The Portrait Project: Morgan


Alright, friends! This portrait is about 98% done, but as we all know, the last 2% is always the hardest. So, in the meantime, while I spend the last few grueling hours with that last 2%, I wanted to share this portrait. I really shouldn't be sharing it yet, and it's been cloudy here in Chicago today so I haven't even been able to capture the portrait in great, sparkly lighting. It needs that touch of sun sparkle. Alas, I am sharing because I just think this girl is the neatest! We're kindred spirits. I know it. She's a beautiful artist, too. Check out her Facebook page by clicking here. (But really, check back in a few days if you want to see the finish and a better shot of it.)

Morgan and I met because of her great networking skills on Instagram--aka she reached out to me and was wonderful, delightful, and everything nice. After a few months (or more than a few!) of being cyber friends, she SHOWED UP AT MY ART SHOW! I was stoked to meet her. She was just as sweet and fun as I imagined. Then I moved. :( But,we keep in touch, and despite me being halfway across the country, I just know our friendship is going to be a good one for years. P.s. She has the cutest cat. So that is the cherry on top.

--If you would like to see all the posts from The Portrait Project click here!
--To submit your portrait read this, there's still plenty of time!
--In other unrelated news, here are gift guides for the beginning artist. Give the gift of being an artist!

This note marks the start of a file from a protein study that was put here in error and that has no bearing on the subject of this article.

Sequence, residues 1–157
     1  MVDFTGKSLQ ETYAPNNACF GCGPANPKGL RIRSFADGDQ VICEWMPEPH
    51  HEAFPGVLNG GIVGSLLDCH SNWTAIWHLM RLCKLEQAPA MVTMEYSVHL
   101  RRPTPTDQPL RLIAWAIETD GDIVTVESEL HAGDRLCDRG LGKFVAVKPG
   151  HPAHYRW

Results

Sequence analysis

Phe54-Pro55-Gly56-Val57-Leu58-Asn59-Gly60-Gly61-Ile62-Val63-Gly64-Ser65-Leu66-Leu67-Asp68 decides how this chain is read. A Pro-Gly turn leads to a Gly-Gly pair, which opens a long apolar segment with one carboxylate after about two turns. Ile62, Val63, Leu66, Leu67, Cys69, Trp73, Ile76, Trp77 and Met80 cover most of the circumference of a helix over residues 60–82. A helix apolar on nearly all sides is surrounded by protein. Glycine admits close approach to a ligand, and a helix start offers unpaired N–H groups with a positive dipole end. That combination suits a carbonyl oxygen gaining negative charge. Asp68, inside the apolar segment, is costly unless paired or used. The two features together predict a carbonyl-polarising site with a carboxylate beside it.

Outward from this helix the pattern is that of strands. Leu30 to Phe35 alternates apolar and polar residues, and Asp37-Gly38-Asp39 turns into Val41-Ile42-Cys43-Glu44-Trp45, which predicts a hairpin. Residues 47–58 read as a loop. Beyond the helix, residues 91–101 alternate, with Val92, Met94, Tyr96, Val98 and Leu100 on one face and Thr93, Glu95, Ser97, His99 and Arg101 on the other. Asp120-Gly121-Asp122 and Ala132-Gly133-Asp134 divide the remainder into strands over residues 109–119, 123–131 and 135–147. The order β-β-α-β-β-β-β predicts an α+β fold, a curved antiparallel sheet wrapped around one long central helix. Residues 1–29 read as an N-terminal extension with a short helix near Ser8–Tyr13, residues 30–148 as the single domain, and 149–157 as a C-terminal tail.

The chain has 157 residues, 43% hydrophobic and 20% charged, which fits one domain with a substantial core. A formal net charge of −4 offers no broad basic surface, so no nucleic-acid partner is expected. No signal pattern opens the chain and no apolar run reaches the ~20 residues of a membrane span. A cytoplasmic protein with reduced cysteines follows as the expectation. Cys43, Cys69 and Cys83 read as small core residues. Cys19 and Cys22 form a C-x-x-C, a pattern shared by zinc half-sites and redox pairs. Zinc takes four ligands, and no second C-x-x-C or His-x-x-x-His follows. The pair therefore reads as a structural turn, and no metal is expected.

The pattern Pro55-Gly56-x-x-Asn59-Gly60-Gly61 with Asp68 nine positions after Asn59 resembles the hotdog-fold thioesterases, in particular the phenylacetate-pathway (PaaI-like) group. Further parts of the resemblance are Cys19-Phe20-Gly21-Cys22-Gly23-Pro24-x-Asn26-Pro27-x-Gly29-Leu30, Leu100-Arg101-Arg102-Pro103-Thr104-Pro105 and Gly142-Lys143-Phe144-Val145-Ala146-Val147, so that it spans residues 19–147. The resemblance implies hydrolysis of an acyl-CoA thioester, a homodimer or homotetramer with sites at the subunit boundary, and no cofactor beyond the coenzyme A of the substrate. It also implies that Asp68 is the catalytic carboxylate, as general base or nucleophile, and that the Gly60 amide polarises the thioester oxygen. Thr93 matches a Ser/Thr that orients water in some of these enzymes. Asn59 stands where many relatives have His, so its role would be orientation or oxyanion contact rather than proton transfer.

The Portrait Project: Ames - Baby Boy


You guys... This baby!!! Is he to die for or what?! He has been so fun to paint. Babies are so delicate! This little baby boy was especially wonderful to paint. When the submission came to my inbox and I first saw it, it was just one of those simple moments where I knew it would be a great painting and that he needed to be painted. Candy for the artist's eyes! I sent the confirmation email off to his mom one night to let her know I would be starting on it, but after hitting send, I was too excited to wait until the next day to start--so I pulled out the paint just then and got to work. I woke up early the next morning, a gorgeous sun-drenched morning, and painted late into the afternoon to finish him. It was just a great painting session all around. My kind of energizer. ;)

I have some amazing submissions from The Portrait Project! Thank you!!!! Thank you for submitting!!! Keep them coming! I will be taking submissions until December 2nd! If you haven't already read the guide to submitting or don't know how to submit, click here

My Favorite Quotes About Creativity and Motivation


Last night I was thinking about this upcoming Thanksgiving. Alex and I are going to be in California with my family which is always wonderful. I have at least a hundred old, old paintings of mine down in my studio there at my parent's house, and I was in particular thinking about those painting last night. I'm excited to see them all again. They're just full of nostalgia and sentiment, and I'm just that kind of person that enjoys that sort of thing.

I started to laugh at the memory of some of those old paintings though. For example, "Cake Face" is a portrait I worked on for days, and as the name suggests, after so many layers of paint, poor technique (I was 12 years old) and a severely neglected photo reference, the portrait began to look more like a frosted cake than a portrait. Actually it's kind of terrifying.

Another painting there is a rooster in a loft part of a barn. Let's call it "Fan of Feathers." I had some photo reference, but I got very carried away with the roosters tail feathers that after a few days of work and one night painting very early into the morning the rooster's tail feathers made him look more like a white, majestic peacock sitting on a throne of golden strings than a rooster sitting on hay. Those tail feathers are full of pastel colors! And I'm pretty sure they take up more than 3/4 of the canvas. YIKES.